science
String Theorists’ Heads Bobble Over Potential Dark Energy Wobble

Harvard physicist Cumrun Vafa is one of string theory’s strongest proponents. But this summer, other string theorists have been reeling from his latest conjecture, which might invalidate their ideas built on a decade-long assumption that dark energy is constant. Vafa’s work implies that dark energy’s value changes. Read More >>

science
Most Commercial Graphene Is Just Expensive Pencil Lead, New Study Finds

You might wonder why, given all the hype, there isn’t graphene in every product you own yet. Well, a new study has found that 60 companies that claim to sell the Nobel prize-winning ultra-thin carbon sheets produce utter trash. Read More >>

science
Physicist Who Coined the ‘God Particle’ and Sold His Nobel Prize to Pay Medical Bills Dies at 96

Leon Lederman, the former head of the Fermi National Accelerator Lab and winner of the the Nobel Prize in physics in 1988, died at a nursing home in Idaho on October 3rd. He was 96. Read More >>

science
Male Physicist Claims Women Are Worse at Physics at CERN Gender Bias Talk

This weekend, a prominent Italian physicist, Alessandro Strumia, lectured fledging women scientists at CERN about the dangers of gender equality and “cultural Marxism” within science, argued that women can’t be as good at physics as men, and complained that the actual victims of gender discrimination are male scientists, including himself, who are passed over for jobs that instead go to less-experienced women. Read More >>

science
Very Serious Scientist Warns of LHC Apocalypse Possibilities

A properly serious scientist who's so serious he's known as the Astronomer Royal and has one eye smaller than the other because of decades of squinting through telescopes, has warned that (he imagines that) the Large Hadron Collider might bring about the end of the planet in a variety of exotic and terrifying ways. Read More >>

science
Shockwaves From WWII Bombing Raids Reached the Edge of Space, Scientists Report

As if the devastating effects of bombs dropped on European cities during the Second World War weren’t terrible enough, a surprising new study shows that the shockwaves produced by these bombing raids reached the edge of space, temporarily weakening the Earth’s ionosphere. Read More >>

space
The Colour-Changing, Hexagonal Vortex on Saturn Just Surprised Scientists Again

Sitting atop Saturn’s north pole is one of the Solar System’s most striking weather patterns: a rotating, colour-changing hexagon slightly wider than Earth. A new study shows there’s another hexagon directly on top of the first one — and that’s weird. Read More >>

science
Physicists Just Made the Most Precise Measurement Ever of Gravity’s Strength

Gravity might feel strong if you drop a bowling ball on your feet, but is in fact the weakest force. Compare it to electromagnetism: the pull of all the Earth’s gravity can’t stop you from picking up a paperclip with a refrigerator magnet. That weakness makes gravity incredibly difficult to measure. Read More >>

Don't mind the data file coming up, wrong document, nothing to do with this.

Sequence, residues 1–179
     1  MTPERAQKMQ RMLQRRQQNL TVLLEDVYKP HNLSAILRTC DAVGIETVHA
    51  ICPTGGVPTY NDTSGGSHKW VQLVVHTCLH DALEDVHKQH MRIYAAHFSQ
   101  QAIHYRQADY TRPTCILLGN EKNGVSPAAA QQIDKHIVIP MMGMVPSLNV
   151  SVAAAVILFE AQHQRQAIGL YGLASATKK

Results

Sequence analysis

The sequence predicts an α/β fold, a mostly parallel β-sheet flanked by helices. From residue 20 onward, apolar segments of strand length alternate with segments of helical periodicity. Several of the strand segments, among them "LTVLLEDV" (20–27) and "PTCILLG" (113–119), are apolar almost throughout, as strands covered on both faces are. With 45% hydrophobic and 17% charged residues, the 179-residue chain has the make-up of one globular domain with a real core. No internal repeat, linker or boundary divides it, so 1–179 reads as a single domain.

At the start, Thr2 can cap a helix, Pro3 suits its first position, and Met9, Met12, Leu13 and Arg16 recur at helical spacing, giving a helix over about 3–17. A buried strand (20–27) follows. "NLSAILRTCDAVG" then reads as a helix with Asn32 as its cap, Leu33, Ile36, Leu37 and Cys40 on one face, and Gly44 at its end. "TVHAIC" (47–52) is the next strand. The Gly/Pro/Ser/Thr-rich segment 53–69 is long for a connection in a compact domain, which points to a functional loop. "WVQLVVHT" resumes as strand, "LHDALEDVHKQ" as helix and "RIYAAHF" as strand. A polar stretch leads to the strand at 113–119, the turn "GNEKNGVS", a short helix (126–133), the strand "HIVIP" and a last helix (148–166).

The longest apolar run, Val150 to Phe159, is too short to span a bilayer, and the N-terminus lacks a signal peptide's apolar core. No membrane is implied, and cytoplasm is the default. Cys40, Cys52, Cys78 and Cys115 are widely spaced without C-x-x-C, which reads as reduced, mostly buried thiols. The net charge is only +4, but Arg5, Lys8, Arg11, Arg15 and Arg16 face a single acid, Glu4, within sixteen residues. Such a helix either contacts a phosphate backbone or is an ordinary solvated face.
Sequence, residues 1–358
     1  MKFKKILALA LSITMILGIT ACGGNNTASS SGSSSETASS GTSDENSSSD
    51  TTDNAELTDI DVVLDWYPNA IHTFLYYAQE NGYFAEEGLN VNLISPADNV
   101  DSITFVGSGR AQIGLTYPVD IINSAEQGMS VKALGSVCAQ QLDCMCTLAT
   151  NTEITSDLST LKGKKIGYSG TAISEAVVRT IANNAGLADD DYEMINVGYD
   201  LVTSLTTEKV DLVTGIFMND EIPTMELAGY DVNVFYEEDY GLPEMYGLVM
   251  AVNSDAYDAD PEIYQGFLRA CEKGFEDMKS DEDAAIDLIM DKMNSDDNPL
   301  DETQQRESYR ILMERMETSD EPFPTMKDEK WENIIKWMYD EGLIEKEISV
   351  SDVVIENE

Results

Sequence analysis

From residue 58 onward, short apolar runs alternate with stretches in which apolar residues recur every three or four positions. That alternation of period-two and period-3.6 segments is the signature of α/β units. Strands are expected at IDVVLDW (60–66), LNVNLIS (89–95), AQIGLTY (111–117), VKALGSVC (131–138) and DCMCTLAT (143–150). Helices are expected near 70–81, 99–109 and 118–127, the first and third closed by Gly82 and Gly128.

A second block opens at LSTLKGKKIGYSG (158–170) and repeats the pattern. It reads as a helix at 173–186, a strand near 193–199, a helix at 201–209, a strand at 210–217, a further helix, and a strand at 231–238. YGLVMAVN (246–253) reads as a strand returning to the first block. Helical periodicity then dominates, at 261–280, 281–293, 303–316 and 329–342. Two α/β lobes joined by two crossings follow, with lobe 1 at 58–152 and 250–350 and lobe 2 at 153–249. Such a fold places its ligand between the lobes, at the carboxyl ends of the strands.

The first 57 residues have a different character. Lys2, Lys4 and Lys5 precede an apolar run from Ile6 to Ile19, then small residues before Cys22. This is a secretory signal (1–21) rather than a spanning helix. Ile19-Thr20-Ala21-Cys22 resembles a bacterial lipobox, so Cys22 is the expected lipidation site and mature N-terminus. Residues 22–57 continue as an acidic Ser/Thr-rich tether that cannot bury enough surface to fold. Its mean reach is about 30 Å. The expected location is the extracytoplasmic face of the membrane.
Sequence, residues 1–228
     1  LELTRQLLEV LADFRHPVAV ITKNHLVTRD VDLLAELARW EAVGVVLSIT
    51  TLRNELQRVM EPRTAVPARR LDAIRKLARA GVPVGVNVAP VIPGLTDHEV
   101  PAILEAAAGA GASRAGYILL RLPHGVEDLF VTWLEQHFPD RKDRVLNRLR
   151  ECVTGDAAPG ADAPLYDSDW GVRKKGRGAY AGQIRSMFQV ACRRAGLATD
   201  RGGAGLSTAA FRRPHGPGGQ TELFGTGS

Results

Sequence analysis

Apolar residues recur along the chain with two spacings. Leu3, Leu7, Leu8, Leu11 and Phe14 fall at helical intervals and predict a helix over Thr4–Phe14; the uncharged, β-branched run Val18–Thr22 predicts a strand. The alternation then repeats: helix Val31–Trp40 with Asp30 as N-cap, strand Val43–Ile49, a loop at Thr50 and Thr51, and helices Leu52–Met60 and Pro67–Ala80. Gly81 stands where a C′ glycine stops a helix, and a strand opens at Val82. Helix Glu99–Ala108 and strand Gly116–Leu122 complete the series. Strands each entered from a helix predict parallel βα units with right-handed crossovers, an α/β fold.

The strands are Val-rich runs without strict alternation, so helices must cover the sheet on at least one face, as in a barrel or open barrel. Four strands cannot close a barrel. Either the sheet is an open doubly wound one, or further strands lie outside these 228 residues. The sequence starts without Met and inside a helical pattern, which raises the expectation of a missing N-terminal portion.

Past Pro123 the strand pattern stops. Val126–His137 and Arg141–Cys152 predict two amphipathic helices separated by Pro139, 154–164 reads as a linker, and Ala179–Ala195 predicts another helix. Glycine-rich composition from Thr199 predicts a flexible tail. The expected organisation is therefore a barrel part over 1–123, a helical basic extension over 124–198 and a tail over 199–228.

science
The Dirtiest Fight in Physics Is About the Universe Itself

A fight over the very nature of the universe has turned ugly on social media and in the popular science press, complete with accusations of “cheating” and ad hominem attacks on Twitter. Most of the universe is hiding, and some scientists disagree over where it has gone. Read More >>

science
Scientists Will Soon Drop Antimatter to See How It Behaves in Gravity

Antimatter continues to behave just like regular matter, no matter what tests scientists throw at it. And in the face of yet another new challenge, antimatter has again refused to crack. Read More >>

science
‘Spooky’ Quantum Entanglement Confirmed Using Distant Quasars

If you read enough science news, you’ll know that there’s a long list of experiments attempting to “prove Einstein wrong.” None have yet contradicted his hallmark theory of relativity. But the latest effort to falsify his statements surrounding “spooky action at a distance” has gone truly cosmic. Read More >>

science
Scientists Solve Spaghetti Mystery that Irked Richard Feynman

Scientists have spent a lot more time breaking dry spaghetti noodles than you might think. For, if you can control cracked noodles, perhaps you can control the world. Read More >>

science
Surprising Accelerator Finding Could Change the Way We Think About Neutron Stars

Neutron stars are having a renaissance, as far as space objects go. These ultra-dense collapsed stars are the source of last year’s most important astrophysical discovery, and they could supply the universe with much of its gold and other heavier elements. But, confusingly, many of their most important properties may not come from the neutrons they are named for. Instead, protons might hold the key to many neutron star phenomena. Read More >>

space
This Exoplanet Is So Hot, It Apparently Tears Apart Water Molecules

There’s an exoplanet whose surface is so hot, it rips apart water molecules. It’s almost a star, but not quite; it’s an ultra-hot, Jupiter-like world located around 880 light-years from Earth. Read More >>

science
This ‘Born-Again’ Nebula Appears to Be Inside Out

When some stars get old, they eject gas and dust, forming a cloud of electrically charged material in space called a planetary nebula. These nebulae all tend to have the same layered structure, but a team of scientists recently spotted a kind of planetary nebula that looks to be inside out. Read More >>